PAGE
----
Federico García Lorca

lorcaBiography:

(from www.poemhunter.com)

Spanish poet and dramatist, Lorca was a talented artist and a member of the ‘Generation of 1927’, a group of writers who advocated avant-gardism in literature.

García Lorca studied law at the University of Granada. At the same time he studied music collaborating in the 1920s with Manuel de Falla, becoming an expert pianist and guitar player. In Madrid he entered the Residence de Estudiantes, a modern college and the intellectual center of the town. During this period his friends included the writers Juan Ramón Jiménez. and Pablo Neruda. He also worked with Salvador Dali and Louis Bunuel in different productions. When the two made their notorious short film Un Chien Andalou (1928), García Lorca was offended, because he thought that the film was about him.

Through recitals of his poetry García Lorca became known even before the publication of his first collection. As a writer García Lorca made his debut with ‘Libro De Poemas’ (1921), a collection of fablelike poems. In 1923 García Lorca earned a degree in law, but the turning point in his literary career was folk music festival Fiesta de Cante Jondo in 1922, where he found inspiration for his work from the traditions of folk and gypsy music.

In 1927 García Lorca gained fame with his romantic historical play arina Pineda where the scenery was constructed by Salavador Dali and the distinguished actress Margarita Xirgu played the heroine. By 1928, with the publication of RIMER ROMANCERO GITANO he was the best-known of all Spanish poets, and leading member of the ‘Generation of 27’, which included Luis Cernuda, Jorge Guillen, Pedro Salinas, Rafael Alberti and others.

In 1929-30 García Lorca lived in the city of New York, on the campus of Columbia University. Unable to speak English he suffered a deep culture shock. His suicidal mood was recorded in posthumously published OETA EN NUEVA YORK(1940, Poet in New York), in which he praised Walt Whitman. The poet condemns the frightening, physically and spiritually corrupted city, and escapes to Havana to experience the harmony of a more primitive life.

After a short visit to Cuba, García Lorca was back in Spain by 1931, and continued with theatre productions. He became the head the traveling theatrical company, La Barraca, which brought classical plays and other dramas to the provinces. After the death of his friend, a bullfighter, García Lorca wrote ament for the Death of a Bullfighter(1935), which has been regarded by most critics as his greatest poem. The work is divided into four sections, whose individual motifs are weaved together. The figure of one man facing death in the bullring, exemplified by his friend Ignacio Sánchez Mejías, expressed the author’s tragic sense of death. Mejías himself had written a play and he was well-known in the literary circles.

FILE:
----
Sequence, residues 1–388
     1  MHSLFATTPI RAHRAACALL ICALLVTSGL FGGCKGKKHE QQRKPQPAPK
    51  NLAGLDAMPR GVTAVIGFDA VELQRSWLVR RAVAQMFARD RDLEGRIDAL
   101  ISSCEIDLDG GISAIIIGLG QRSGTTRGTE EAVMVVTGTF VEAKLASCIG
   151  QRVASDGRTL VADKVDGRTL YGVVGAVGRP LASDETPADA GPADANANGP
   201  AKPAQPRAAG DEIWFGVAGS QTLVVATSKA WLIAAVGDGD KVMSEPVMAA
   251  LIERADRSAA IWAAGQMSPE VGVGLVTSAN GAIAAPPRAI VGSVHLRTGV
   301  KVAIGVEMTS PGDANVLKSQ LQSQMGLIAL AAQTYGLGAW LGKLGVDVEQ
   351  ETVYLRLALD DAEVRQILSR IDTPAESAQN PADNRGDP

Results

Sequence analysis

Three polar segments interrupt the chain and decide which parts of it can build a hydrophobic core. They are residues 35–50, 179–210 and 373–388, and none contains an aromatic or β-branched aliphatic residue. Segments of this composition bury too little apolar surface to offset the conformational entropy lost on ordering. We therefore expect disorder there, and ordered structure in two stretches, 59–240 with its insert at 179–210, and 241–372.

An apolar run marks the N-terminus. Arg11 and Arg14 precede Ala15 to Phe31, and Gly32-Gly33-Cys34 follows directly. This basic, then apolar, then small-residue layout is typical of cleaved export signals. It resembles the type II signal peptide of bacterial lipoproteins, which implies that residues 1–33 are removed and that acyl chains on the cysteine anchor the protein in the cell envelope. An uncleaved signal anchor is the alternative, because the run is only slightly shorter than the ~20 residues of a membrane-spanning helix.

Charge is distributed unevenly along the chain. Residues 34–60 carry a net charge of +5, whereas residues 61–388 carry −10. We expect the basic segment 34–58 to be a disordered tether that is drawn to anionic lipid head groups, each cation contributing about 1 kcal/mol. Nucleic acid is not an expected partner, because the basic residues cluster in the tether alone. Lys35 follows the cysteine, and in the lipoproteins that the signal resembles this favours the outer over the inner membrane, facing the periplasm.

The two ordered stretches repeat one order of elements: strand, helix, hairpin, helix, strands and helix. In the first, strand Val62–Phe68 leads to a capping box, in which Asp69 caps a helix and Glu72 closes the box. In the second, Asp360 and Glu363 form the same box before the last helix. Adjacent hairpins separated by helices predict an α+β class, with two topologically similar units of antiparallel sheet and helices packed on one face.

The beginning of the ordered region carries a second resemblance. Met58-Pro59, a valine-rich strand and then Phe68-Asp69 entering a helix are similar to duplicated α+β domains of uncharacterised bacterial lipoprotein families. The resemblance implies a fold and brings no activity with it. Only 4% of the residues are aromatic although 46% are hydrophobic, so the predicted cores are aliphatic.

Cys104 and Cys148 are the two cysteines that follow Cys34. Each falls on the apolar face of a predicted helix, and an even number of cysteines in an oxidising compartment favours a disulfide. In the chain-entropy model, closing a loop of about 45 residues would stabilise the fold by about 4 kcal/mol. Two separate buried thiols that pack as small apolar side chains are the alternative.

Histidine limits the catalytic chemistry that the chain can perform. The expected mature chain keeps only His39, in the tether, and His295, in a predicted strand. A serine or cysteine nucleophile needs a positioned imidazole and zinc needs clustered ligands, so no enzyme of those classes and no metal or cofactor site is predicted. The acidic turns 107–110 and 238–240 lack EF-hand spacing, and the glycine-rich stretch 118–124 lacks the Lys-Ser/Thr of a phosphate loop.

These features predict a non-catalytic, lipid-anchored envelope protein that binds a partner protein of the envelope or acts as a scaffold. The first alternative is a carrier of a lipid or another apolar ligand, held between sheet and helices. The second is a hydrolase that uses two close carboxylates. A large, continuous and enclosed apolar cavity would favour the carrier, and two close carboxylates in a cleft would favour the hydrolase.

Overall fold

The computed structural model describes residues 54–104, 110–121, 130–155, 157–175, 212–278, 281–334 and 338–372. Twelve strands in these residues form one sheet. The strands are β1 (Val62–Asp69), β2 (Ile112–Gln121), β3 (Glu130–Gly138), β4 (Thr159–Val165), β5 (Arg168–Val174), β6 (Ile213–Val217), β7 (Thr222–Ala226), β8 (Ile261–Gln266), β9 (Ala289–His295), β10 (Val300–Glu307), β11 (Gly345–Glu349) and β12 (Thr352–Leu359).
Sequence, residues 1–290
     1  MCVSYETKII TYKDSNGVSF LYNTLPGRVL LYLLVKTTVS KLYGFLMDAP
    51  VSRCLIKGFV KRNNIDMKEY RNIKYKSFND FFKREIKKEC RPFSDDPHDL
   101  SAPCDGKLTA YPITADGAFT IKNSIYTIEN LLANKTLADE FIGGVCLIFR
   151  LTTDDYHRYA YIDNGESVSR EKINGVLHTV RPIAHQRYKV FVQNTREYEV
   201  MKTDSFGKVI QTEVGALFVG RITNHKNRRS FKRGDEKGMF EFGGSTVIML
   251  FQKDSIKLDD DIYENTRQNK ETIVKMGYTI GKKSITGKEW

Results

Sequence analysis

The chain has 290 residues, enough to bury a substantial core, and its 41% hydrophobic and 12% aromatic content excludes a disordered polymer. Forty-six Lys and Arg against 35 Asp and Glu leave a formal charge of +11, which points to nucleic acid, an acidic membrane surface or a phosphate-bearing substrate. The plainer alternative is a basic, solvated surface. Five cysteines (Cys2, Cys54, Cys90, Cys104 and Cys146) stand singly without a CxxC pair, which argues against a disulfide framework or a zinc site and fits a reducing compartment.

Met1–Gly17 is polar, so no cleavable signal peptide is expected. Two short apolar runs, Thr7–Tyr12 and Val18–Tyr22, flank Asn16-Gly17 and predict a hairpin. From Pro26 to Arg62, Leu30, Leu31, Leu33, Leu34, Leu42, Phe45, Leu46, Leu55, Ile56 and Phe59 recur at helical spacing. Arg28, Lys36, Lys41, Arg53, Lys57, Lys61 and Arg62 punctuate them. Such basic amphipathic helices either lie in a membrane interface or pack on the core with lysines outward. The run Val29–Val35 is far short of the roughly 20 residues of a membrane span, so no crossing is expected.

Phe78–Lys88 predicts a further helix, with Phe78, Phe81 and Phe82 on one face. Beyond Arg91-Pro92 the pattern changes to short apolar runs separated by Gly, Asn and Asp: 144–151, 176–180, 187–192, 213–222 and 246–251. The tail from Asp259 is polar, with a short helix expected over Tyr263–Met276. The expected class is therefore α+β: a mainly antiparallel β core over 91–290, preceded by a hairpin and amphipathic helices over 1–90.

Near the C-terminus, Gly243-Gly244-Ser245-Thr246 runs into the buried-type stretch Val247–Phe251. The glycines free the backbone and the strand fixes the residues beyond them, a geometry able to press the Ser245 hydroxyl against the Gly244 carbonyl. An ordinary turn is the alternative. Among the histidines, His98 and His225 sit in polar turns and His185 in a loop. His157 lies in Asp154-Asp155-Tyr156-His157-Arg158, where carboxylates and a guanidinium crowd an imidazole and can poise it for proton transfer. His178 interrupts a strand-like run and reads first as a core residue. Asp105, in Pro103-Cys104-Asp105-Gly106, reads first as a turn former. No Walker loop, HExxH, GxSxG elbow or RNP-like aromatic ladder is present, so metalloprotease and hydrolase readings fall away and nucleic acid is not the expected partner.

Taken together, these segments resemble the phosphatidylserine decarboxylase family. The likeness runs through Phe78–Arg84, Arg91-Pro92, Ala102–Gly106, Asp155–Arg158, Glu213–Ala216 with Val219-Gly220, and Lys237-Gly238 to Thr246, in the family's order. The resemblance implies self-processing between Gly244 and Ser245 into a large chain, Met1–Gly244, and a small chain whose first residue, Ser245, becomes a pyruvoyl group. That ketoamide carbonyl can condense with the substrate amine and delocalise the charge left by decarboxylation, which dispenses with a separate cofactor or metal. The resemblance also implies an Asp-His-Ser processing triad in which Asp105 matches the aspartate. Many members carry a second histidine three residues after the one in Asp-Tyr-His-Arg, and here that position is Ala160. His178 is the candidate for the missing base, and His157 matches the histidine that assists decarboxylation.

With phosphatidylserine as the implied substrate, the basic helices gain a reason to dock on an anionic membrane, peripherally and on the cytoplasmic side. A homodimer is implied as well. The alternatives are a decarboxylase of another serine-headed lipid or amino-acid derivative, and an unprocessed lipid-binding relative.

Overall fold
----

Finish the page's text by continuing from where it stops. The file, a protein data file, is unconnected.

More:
García Lorca’s central themes in his works are love, pride, passion and violent death, which also marked his own life. The Spanish Civil War began in 1936 and García Lorca was seen by the right-wing forces as an enemy. The author hid from the soldiers but he was soon found, dragged from a friend’s house, and shot in Granada on August 19/20 of 1936 without trial by the Nationalists. The circumstances of his death are still shrouded in mystery. He was buried in a grave that he had been forced to dig for himself.

Some of his poems:

The faithless wife

So I took her to the river
believing she was a maiden,
but she already had a husband.
It was on St. James night
and almost as if I was obliged to.
The lanterns went out
and the crickets lighted up.
In the farthest street corners
I touched her sleeping breasts
and they opened to me suddenly
like spikes of hyacinth.
The starch of her petticoat
sounded in my ears
like a piece of silk
rent by ten knives.
Without silver light on their foliage
the  trees had grown larger
and a horizon of dogs
barked very far from the river.

Past the blackberries,
the reeds and the hawthorne
underneath her cluster of hair
I made a hollow in the earth
I took off my tie,
she too off her dress.
I, my belt with the revolver,
She, her four bodices.
Nor nard nor mother-o’-pearl
have skin so fine,
nor does glass with silver
shine with such brilliance.
Her thighs slipped away from me
like startled fish,
half full of fire,
half full of cold.
That night I ran
on the best of roads
mounted on a nacre mare
without bridle stirrups.

As a man, I won’t repeat
the things she said to me.
The light of understanding
has made me more discreet.
Smeared with sand and kisses
I took her away from the river.
The swords of the lilies
battled with the air.

I behaved like what I am,
like a proper gypsy.
I gave her a large sewing basket,
of straw-colored satin,
but I did not fall in love
for although she had a husband
she told me she was a maiden
when I took her to the river.

First Desire

  In the green morning
I wanted to be a heart.
A heart.

  And in the ripe evening
I wanted to be a nightingale.
A nightingale.

  (Soul,
turn orange-colored.
Soul,
turn the color of love.)

  In the vivid morning
I wanted to be myself.
A heart.

  And at the evening’s end
I wanted to be my voice.
A nightingale.

  Soul,
turn orange-colored.
Soul,
turn the color of love.

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